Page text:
Moving to the Hat – This couldn’t get enough of Tape Sound. I cranked this up and flipped the IPS to 15 and the Hat cut well through the drum mix.

The OH and Rooms mostly focused around the sound of the kit as a whole as well as capturing the clarity of the Cymbals so keeping the IPS at 15 was necessary to roll off some of the low end of this signal. On the Rooms microphones I displaced the BIAS setting on one side to increase the stereo effect.

Here is the entire drum set without the Tape Emulation and just some basic mixing:

 

Here is the same passage with Tape applied to all drums:

I then took both passages, imported both files back into SONAR, and flipped them out of phase. This results in hearing just the processed Tape Emulation while all other frequencies and sounds are cancelled.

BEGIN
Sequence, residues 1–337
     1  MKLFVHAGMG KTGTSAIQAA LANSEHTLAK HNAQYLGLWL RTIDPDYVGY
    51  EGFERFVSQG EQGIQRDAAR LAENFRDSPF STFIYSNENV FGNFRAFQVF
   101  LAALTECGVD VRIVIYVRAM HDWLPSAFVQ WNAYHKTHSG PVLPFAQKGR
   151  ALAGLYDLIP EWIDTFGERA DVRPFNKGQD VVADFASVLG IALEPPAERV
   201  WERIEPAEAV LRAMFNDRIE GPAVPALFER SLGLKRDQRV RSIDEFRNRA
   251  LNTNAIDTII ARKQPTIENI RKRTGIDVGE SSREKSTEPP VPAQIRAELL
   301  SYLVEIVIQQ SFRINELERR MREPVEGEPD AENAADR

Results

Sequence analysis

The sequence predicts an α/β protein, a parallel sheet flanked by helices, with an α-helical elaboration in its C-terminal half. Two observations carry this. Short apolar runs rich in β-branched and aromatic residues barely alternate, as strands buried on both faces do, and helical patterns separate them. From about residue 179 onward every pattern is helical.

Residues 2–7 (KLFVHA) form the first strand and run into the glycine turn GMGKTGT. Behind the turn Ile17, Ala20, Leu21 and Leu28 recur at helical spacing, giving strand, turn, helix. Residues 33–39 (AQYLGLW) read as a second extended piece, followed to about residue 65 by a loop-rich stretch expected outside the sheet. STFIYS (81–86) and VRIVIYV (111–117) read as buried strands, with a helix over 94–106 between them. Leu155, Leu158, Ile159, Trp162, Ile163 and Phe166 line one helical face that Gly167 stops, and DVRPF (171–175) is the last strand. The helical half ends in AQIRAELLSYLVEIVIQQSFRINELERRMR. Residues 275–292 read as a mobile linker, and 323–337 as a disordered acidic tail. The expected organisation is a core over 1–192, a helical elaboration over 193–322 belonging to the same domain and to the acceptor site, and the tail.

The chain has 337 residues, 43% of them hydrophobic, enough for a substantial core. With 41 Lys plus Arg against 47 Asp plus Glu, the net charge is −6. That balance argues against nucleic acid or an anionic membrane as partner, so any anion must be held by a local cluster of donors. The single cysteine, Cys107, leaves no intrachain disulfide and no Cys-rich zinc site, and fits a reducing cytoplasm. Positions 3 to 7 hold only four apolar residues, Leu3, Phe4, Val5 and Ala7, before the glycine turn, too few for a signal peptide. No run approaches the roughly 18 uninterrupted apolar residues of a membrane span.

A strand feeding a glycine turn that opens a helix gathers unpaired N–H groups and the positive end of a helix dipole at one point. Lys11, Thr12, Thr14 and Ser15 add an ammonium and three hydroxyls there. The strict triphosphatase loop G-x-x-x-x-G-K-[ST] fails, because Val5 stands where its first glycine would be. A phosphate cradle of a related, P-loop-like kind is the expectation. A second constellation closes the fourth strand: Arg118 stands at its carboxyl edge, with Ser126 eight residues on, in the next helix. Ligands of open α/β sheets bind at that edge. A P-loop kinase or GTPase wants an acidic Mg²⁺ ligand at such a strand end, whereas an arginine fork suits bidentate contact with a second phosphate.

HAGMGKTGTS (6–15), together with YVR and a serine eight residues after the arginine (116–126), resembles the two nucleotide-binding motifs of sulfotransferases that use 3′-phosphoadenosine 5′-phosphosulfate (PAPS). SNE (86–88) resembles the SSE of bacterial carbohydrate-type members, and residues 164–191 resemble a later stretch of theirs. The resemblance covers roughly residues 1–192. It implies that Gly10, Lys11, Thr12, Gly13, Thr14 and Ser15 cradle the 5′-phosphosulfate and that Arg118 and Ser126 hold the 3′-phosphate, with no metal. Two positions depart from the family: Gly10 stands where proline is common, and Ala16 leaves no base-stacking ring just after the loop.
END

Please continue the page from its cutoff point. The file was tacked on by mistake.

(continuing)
Learn about SONAR X3 and the new Tape Emulator

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Did You Know SONAR X3 Comes with a Dual Phaser and Chorus?

SONAR X3 Studio and Producer have included the mind-bending Dual Analog Phaser and Dual Analog Chorus units from Nomad Factory.  As you might know both units are time based effects and are variations of delay units. Both types of effects split the signal into two parts and then combine them again after the signal passes through the unit.

 

  • Phaser – When the audio passes through the unit the signal is flipped out of phase and then a LFO-controlled notch filter sweeps through this signal’s frequency spectrum.

  • Chorus – One part of the signal is unaffected and the other is delayed anywhere from 20ms-50ms and then it’s pitch is modulated by a Low Frequency Oscillator